--- layout: post title: Full bleed examples and issues. description: A few images that demonstrate why we need full bleed backgrounds ---

I’ve included a few very simple and silly examples below, just in case I need to justify the need for full bleed backgrounds. Full bleed backgrounds are something that really does have a dramatic effect on the emotions and context of a design.

None of these examples should be problematic to implement in CSS as it is. The question that remains is how it would work in practice with something as non-standard as your average ebook reading system’s paginated view.

First of all, taking away the designer’s ability to override the page’s margin severely limits their ability to apply backgrounds that extend to the page’s borders.

Where the basic page margins originate also dictate where we attach our backgrounds. If the margins are on the HTML element and not the body, then the backgrounds need to go on the HTML element.

There also needs to be some consideration as to how repeating background images are treated on subsequent pages.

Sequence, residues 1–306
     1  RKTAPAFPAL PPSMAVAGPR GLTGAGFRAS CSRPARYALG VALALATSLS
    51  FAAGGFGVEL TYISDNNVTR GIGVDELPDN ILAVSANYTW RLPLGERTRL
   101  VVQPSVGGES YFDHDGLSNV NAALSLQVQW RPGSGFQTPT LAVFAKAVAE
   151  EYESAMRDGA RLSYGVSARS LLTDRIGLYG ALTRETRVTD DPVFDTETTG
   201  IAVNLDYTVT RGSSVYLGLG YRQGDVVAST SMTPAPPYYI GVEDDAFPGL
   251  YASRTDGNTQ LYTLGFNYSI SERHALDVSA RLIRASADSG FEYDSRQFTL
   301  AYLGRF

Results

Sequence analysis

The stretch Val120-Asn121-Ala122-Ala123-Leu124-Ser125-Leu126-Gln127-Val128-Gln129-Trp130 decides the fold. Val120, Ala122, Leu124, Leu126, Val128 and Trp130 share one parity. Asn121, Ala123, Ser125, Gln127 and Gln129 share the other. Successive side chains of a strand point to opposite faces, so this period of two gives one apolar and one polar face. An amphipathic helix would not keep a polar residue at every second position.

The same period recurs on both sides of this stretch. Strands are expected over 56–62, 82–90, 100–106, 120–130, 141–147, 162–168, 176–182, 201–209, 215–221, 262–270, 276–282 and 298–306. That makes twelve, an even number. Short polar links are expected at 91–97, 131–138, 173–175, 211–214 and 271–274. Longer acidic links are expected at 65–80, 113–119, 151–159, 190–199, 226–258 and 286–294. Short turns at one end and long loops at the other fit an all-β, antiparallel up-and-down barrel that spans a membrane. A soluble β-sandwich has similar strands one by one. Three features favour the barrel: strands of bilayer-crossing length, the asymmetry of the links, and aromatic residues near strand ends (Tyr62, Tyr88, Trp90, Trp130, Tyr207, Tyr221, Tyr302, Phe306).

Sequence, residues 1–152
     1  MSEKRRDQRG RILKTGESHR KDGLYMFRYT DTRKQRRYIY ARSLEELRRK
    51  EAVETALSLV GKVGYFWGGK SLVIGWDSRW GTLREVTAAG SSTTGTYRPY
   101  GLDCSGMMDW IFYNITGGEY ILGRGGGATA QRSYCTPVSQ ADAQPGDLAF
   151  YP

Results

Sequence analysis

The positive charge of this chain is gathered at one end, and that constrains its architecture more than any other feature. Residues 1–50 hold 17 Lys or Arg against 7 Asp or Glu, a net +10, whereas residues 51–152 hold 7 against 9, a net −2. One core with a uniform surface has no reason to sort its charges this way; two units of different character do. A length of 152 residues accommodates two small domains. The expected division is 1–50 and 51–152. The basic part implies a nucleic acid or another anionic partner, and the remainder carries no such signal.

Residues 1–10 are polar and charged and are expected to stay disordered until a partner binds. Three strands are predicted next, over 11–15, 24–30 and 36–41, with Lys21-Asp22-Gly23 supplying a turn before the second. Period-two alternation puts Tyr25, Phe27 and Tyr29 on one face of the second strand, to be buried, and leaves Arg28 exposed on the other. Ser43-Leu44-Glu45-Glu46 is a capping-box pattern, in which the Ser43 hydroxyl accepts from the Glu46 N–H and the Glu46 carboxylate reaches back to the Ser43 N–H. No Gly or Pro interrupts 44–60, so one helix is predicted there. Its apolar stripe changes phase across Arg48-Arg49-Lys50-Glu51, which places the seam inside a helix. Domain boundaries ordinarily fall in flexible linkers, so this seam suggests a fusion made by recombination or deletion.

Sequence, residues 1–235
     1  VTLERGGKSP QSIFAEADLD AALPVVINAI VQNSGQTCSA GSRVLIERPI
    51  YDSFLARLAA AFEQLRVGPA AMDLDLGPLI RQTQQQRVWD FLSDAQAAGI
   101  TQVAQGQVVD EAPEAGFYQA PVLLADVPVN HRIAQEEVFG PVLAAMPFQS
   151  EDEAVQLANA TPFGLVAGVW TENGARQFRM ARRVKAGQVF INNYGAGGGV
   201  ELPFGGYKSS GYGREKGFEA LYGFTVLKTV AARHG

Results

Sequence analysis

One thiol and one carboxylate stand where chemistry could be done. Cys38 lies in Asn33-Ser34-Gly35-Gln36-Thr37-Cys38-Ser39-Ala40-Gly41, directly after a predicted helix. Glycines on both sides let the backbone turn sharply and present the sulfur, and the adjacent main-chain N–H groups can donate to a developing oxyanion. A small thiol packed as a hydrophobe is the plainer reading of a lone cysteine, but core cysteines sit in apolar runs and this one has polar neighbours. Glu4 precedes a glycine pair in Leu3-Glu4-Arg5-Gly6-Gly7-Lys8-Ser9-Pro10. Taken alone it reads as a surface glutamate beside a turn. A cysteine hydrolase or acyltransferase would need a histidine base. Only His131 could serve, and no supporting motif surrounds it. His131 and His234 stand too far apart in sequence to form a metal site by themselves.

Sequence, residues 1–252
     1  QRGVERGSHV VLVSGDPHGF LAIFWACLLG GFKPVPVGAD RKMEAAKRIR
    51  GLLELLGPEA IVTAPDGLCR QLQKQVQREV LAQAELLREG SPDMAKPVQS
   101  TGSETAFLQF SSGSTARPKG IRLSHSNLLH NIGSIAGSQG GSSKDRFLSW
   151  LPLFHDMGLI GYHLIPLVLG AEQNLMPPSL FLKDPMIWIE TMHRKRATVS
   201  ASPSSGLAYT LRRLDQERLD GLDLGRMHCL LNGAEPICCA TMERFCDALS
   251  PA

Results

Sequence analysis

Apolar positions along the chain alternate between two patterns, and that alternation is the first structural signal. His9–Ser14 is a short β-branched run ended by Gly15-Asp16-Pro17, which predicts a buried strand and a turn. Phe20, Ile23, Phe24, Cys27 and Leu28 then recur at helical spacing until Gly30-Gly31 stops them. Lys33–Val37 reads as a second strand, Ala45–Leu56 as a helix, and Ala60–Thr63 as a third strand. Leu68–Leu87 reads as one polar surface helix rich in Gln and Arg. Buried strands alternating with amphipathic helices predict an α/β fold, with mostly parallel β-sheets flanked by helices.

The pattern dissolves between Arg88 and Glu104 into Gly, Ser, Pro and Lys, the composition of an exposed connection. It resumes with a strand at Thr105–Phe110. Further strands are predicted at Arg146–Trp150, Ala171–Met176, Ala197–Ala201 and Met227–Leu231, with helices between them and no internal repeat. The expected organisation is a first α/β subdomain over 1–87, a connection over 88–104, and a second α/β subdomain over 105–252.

Personally, I think a paginated HTML file should be treated as a multicolumn, single-window, area for background purposes.

Also, a very useful addition would be if they added a ‘cover-page’ value to the background-size property. This would, to use the terminology from the spec, scale the image, while preserving its intrinsic aspect ratio (if any), to the smallest size such that both its width and its height can completely cover the current page without flowing into the next page. This would let us easily do full-bleed designs for the openings of chapters in the style of my fourth example.

You could do the fourth example without extending CSS, but the ebook developer would have to create a separate XHTML file for the opening titles of the chapter.

An example page with a white background
An example page with a grey background
An example page with a pastel background
An example page with a photo background